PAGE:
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Recycling Lives handed national Prisoner Reintegration Award

Recycling Lives has been recognised by its peers as the national leader in offender rehabilitation.

Recycling Lives has been recognised by its peers as the national leader in offender rehabilitation.

The social business’ work in prisons has been handed the Robin Corbett Award for Prisoner Reintegration by the Corbett Network.

Commended for its “exceptional results”, Recycling Lives reduces reoffending rates by supporting offenders to secure skilled, meaningful work, reducing reoffending rates to less than 5%.

The annual Awards seek to recognise “outstanding” rehabilitative work; set up in memory of Lord Robin Corbett, a long-serving MP who campaigned for penal form.

Recycling Lives’ social enterprise delivers its HMP Academies programmes in 11 prisons. Up to 250 men and women work in its workshops, undertaking meaningful recycling or fabrication work to develop skills, earn an enhanced wage and have support to secure work and housing ready for release.

The programme delivers unrivalled results – less than 5% of its participants reoffend while more than 70% go straight into work upon release. By comparison, national figures show that around 67% of offenders reoffend while less than 20% move into work on release.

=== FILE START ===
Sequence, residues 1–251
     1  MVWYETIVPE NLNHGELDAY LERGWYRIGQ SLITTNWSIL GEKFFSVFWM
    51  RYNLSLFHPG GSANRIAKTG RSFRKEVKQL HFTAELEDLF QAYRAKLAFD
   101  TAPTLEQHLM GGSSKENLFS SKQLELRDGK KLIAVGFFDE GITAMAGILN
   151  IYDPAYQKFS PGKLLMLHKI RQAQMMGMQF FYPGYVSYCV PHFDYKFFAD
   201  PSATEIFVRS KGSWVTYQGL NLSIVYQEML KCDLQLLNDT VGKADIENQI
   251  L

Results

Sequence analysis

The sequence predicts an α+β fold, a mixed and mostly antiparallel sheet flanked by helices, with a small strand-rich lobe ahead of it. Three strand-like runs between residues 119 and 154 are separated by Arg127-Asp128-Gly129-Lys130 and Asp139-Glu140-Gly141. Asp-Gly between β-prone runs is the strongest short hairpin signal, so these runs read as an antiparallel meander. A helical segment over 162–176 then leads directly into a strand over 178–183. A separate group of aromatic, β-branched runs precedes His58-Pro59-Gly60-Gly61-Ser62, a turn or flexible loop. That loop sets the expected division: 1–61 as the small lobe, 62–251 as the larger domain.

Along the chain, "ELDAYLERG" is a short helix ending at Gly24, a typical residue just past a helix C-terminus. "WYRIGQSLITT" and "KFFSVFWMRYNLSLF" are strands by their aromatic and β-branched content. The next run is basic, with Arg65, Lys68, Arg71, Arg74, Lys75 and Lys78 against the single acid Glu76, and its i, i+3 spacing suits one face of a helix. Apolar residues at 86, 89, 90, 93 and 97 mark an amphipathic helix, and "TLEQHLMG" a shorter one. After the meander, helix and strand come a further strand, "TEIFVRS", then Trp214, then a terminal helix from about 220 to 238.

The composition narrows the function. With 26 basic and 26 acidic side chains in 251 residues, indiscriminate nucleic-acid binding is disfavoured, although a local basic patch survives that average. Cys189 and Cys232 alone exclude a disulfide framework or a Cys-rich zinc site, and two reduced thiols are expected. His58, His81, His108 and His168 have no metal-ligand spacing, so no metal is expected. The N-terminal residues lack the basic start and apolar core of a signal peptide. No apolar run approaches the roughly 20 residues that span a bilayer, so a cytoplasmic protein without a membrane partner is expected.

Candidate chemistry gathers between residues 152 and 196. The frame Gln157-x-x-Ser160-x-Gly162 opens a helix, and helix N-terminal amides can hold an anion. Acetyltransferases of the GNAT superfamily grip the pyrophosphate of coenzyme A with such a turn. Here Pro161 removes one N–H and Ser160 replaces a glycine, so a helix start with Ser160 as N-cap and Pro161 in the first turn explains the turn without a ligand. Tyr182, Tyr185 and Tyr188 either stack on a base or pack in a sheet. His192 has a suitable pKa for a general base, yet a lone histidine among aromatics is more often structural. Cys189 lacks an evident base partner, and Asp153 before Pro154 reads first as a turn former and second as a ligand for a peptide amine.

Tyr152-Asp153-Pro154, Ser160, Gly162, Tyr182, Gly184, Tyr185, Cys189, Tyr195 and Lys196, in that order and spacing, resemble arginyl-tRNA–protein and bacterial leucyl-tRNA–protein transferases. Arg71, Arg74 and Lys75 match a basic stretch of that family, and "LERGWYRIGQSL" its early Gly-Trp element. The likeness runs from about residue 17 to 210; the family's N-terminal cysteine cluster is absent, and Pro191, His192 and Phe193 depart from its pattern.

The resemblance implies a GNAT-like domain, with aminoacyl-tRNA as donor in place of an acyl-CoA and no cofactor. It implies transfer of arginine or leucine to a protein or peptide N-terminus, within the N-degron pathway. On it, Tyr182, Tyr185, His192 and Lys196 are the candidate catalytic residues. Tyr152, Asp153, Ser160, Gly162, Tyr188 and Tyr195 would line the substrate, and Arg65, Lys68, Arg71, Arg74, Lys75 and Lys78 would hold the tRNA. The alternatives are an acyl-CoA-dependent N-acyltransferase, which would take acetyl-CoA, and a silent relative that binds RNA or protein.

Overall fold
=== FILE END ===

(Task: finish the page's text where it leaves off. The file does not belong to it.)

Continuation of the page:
Alasdair Jackson, Chief Executive of Recycling Lives Social Enterprise, said: “It is always fantastic to win any award. To receive the Robin Corbett Award is particularly special as we are being recognised by experts in the prison field.

“Our team deserve all the credit as they leave no stone unturned to help the people we work with. However, the real winners are those men and women who have turned their lives around. I couldn’t be prouder of them.”

Recycling Lives has been handed first place prize of £5,000, which it is set to invest in developing its support services for mental health and wellbeing. Its work is complemented by its own residential programme, offering accommodation, training and support to homeless men. And it is supported by the commercial operations of Recycling Lives Ltd, a national recycling business which manages recycling contracts in the HMP Academies and employs offenders at its sites nationwide.

Second and third place in the Awards went to A Fairer Chance and Circles South West, respectively. A Fairer Chance supports women offenders into employment while Circles South West rehabilitates sex offenders.

Chairman of the judges Lady Val Corbett said: “Amongst some outstanding applications, Recycling Lives’ work and exceptional results meant the judges were unanimous in their decision.

“My husband Robin was resolute in his belief that prison should be an opportunity to make positive changes in individual’s lives. All three charities stand as outstanding examples.”

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